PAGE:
Secret gov’t report found in second-hand bookstore details Turkey’s ‘psychological’ activity against PKK

Pro-Kurdish DEM Party deputy Pervin Buldan has brought the  “top secret” “Psychological Impact Report,” found recently in a second-hand book shop, to the attention of the parliament. Buldan requested to investigate the deaths of prolific Kurdish businesspeople in the 90s in light of the recently discovered document. 

Duvar English

Pervin Buldan, a deputy of the pro-Kurdish Peoples’ Equality and Democracy (DEM) Party, on April 26 brought the “Psychological Impact Report” dated 1992 that detailed the Turkish government’s activity against the outlawed Kurdistan Workers’ Party (PKK) to the parliament’s attention. 

The report, dated 1992 and marked “top secret,” was recently discovered in a second-hand book store. It was among the books brought in from former Turkish President Turgut Özal’s vacated home in the capital province of Ankara.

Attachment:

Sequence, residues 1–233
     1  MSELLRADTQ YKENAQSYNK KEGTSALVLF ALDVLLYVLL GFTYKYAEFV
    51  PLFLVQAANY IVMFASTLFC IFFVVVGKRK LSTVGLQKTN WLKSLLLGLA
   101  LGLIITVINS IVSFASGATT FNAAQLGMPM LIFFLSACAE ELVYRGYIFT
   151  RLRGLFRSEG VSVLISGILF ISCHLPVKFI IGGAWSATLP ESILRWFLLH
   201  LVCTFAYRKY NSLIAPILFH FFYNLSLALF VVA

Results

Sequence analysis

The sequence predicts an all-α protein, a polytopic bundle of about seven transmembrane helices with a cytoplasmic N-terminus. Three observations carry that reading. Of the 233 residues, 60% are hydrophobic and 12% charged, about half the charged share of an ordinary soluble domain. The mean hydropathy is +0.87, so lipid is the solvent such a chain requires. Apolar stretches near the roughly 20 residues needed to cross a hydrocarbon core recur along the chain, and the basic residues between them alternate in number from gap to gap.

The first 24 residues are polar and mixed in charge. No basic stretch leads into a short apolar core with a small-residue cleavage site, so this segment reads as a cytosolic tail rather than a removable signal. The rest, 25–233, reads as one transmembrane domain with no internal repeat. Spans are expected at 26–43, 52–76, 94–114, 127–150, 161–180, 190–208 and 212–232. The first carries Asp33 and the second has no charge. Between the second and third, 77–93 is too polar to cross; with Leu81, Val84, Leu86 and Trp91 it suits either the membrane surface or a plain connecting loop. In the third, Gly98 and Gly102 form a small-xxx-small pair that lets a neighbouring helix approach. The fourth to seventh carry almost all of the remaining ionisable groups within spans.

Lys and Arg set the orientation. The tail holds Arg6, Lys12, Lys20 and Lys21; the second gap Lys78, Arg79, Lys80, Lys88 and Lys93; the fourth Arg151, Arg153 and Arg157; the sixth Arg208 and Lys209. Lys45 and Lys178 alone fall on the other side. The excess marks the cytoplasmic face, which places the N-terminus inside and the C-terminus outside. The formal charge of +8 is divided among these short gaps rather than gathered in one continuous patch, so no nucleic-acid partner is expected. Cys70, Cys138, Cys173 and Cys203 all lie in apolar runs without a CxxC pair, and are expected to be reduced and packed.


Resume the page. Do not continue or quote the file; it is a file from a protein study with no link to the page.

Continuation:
The “Psychological Impact Report” included statements that linked the suspicious Kurdish businesspeople deaths of the 90s with the National Security Council. 

The report delegates the duty of “instating government authority by cracking the influence of Kurdish family leaders,” and “taking special measures against the businesspeople known to support the organization (PKK),” to the gendarmerie forces. 

“By the consecutive unidentified assassinations and forced disappearances of Kurdish businesspeople starting in 1993, just a year after the report was penned, we can deduce the extent of the special measures outlined in it,” noted Buldan.  

She continued that the report has officially verified the suspicions of such a list of business people that were killed. 

Buldan submitted parliamentary questions to be answered by the Justice Ministry and the Vice President. 

She asked whether there were any plans to reopen investigations and legal cases in light of the recently uncovered report

The deputy also requested the formation of a parliamentary investigation commission to study human rights violations that pervaded the 90s. 

During the 90s, hundreds of Kurdish people became victims of enforced disappearances in Turkey, abducted by JİTEM, a clandestine state security unit.